BDSM Workshop: Materials

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The materials page briefly covers the things you'll use to build the BDSM Workshop projects, including lumber, metal, fasteners, adhesives, and surface treatments.


Most of these projects are commonly built with wood. Wood comes in many shapes, sizes, grades, and types, and you'll find a huge assortment at most hardware stores and lumberyards. Some exotic woods can only be found at specialty stores, which are notoriously pricey. Generally, lumber breaks down into softwoods, hardwoods, and exotic hardwoods.


The most common softwoods are fir and pine. Structural lumber, such as construction-grade 2x4s, is cheap and easy to work with... this is Douglas fir. Pine typically arrives in 3/4" thickness (1" by whatever), either as "knotty" or "clear" (minimal knots). Most dungeon furniture is made of these woods, and they're perfectly appropriate for all of the projects on this site.

Standard plywood is also softwood, although it's been chopped and reassembled into into sheet form. Plywood is a good choice for surfaces, but you should avoid the lowest grades which will have voids in the interior layers. The other options for surfaces are particle board and hardboard. Both are basically sawdust glued into shape, and are cheaper than ply. Particle board is especially susceptible to chipping and breaking, and should be avoided unless you plan to laminate it. Hardboard is a better choice, but must be sealed from moisture and may bend over time.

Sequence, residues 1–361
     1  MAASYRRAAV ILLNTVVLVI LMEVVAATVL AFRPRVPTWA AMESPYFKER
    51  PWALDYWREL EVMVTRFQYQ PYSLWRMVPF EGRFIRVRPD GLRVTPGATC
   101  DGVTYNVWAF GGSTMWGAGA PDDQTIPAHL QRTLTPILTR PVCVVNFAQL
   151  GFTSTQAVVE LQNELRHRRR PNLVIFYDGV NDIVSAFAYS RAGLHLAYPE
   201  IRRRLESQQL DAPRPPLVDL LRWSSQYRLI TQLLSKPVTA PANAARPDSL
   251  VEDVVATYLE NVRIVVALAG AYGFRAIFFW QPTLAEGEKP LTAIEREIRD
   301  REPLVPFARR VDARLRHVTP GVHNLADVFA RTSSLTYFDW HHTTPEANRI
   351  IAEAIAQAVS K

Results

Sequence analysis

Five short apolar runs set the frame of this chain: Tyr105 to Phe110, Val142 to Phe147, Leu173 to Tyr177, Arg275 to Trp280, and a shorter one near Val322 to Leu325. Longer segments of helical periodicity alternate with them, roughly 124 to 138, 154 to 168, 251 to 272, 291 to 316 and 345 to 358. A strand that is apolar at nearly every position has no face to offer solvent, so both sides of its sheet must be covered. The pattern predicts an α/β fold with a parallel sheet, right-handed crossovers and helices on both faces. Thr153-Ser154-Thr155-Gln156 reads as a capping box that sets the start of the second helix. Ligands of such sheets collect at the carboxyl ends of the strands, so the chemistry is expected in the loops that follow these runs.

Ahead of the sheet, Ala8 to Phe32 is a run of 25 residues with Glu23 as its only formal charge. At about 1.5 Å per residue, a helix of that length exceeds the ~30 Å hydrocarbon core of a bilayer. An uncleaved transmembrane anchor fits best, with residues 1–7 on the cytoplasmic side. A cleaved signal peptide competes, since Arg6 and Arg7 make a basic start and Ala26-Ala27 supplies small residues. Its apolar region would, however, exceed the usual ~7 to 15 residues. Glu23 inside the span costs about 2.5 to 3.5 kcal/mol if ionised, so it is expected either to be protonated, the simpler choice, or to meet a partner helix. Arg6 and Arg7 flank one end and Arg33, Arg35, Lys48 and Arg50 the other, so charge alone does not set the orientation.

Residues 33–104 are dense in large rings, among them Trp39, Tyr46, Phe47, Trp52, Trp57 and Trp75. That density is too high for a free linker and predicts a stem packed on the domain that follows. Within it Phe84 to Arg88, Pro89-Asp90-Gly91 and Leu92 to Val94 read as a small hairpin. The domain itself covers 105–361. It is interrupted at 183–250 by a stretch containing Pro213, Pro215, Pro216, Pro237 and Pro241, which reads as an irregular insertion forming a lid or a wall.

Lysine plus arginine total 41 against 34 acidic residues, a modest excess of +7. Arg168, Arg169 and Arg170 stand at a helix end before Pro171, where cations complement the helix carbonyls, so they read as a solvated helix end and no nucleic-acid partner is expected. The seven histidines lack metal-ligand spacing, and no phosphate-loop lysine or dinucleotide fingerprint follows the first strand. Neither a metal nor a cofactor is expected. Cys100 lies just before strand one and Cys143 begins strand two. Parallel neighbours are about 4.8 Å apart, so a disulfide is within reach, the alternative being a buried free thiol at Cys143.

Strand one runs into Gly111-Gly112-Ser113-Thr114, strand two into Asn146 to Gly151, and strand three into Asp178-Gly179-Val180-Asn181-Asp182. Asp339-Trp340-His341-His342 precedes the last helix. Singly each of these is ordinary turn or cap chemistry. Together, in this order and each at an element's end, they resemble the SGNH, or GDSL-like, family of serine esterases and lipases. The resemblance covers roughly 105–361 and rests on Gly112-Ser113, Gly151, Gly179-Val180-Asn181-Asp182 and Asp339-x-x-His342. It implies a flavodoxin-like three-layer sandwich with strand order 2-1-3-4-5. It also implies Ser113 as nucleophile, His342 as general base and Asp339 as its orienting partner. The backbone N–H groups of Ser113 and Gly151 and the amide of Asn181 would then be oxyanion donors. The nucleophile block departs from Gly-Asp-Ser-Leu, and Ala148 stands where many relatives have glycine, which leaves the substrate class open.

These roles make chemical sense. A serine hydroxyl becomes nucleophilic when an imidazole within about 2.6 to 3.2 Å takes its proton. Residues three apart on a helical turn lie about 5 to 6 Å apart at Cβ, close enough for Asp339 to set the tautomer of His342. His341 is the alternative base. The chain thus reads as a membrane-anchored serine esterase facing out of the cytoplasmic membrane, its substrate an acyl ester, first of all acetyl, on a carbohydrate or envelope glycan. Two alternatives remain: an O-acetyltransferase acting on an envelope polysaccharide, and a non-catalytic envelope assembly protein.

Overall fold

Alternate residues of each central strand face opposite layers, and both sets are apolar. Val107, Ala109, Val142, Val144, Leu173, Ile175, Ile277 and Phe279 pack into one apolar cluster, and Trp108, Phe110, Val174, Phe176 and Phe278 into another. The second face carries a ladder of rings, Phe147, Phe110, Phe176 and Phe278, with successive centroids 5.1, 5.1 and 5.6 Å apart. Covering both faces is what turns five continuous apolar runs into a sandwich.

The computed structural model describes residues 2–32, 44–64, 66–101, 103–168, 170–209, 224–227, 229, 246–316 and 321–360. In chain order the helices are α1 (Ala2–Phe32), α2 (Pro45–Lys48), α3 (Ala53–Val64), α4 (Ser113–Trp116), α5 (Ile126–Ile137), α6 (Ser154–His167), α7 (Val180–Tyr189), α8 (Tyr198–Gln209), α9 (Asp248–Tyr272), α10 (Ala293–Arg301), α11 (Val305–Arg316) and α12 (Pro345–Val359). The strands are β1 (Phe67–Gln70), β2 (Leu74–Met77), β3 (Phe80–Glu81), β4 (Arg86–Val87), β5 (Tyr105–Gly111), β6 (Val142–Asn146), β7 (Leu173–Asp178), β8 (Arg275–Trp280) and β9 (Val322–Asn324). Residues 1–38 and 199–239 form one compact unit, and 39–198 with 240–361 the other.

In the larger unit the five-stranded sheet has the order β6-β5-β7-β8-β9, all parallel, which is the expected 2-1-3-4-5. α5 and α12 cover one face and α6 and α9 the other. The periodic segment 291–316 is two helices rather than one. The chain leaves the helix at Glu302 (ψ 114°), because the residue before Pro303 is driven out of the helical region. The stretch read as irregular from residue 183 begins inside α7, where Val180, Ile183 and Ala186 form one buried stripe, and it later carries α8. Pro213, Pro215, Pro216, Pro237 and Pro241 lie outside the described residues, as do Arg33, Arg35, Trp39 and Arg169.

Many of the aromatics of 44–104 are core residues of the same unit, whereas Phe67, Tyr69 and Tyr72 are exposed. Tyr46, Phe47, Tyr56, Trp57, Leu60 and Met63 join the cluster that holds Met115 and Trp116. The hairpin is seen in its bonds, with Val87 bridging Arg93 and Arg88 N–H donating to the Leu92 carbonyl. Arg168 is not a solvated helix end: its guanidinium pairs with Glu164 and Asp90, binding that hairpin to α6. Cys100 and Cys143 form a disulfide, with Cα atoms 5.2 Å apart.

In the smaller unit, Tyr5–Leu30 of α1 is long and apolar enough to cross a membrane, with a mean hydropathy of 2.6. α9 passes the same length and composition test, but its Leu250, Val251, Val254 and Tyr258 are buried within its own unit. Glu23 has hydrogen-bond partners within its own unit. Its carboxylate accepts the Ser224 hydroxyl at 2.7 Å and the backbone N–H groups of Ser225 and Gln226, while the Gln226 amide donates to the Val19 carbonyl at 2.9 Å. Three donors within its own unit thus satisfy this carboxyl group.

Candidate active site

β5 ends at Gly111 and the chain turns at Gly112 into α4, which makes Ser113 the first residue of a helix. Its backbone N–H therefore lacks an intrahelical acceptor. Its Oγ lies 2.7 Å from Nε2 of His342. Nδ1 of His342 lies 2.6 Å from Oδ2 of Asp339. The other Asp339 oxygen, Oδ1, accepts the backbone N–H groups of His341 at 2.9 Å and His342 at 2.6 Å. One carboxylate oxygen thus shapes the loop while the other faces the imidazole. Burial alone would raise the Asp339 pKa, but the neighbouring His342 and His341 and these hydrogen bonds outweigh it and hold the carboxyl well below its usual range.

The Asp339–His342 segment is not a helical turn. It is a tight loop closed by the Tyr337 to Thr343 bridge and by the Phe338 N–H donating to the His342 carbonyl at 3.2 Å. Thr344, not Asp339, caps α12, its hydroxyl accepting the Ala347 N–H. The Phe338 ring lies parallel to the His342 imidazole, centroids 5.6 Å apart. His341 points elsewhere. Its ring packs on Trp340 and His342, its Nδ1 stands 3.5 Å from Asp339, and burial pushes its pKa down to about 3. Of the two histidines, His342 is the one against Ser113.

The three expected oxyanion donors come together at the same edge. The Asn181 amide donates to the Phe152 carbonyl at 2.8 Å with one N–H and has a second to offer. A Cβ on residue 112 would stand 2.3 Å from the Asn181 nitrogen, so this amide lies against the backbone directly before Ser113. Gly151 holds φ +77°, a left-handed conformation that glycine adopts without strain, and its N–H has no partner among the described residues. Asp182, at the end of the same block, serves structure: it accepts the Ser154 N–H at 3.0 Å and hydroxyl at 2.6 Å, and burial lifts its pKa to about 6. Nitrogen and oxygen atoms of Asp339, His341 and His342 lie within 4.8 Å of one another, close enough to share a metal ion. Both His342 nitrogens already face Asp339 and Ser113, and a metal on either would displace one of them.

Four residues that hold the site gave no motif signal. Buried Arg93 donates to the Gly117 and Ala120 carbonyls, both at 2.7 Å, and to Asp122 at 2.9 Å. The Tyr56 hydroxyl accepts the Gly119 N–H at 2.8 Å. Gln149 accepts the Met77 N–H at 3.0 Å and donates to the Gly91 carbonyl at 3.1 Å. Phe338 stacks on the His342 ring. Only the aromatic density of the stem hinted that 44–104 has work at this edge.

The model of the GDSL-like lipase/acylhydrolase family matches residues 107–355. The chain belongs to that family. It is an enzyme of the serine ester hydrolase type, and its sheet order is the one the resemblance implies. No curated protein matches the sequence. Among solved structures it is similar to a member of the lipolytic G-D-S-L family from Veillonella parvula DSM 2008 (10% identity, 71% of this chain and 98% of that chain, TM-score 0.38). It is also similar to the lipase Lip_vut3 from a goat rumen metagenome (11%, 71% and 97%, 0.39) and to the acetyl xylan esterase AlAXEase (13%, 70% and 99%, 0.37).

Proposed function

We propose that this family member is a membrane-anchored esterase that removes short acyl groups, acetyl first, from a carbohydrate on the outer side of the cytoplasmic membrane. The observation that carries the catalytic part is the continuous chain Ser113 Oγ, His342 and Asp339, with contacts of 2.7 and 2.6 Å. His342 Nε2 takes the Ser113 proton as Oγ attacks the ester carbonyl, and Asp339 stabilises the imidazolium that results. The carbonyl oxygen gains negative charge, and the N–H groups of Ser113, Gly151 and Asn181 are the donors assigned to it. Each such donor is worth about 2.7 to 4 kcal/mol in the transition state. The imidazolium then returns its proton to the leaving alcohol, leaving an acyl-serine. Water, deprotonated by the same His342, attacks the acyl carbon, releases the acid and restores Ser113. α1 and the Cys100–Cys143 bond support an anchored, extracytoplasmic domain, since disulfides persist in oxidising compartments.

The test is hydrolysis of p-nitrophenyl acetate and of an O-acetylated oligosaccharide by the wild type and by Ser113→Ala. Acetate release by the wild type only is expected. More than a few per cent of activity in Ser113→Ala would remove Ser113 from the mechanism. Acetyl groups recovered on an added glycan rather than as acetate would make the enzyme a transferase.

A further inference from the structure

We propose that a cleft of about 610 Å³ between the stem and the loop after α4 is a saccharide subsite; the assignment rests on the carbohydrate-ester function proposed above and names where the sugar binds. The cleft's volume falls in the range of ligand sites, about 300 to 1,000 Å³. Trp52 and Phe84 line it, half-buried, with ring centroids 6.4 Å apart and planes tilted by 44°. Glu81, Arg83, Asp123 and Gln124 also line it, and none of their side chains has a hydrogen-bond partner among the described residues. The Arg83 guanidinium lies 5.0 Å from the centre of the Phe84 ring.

Softwoods tend to require significant shaping, sanding, and filling. Be especially careful to sand down any area where splintering may occur. Luckily, these woods are, as the name implies, soft. Select your pieces carefully to avoid splits and knots in any stressed member. Finish with paint, stain, and/or varnish.


Hardwoods are more dense than softwoods, and therefore "harder" (duh!). They are more difficult to cut and sand, and are also more expensive. Common hardwoods include maple, oak and poplar. Oak is my personal favorite of all lumber because of its beauty and durability. It's readily available, and you can buy oak-faced plywood for surfaces. Try to avoid painting over these fine woods.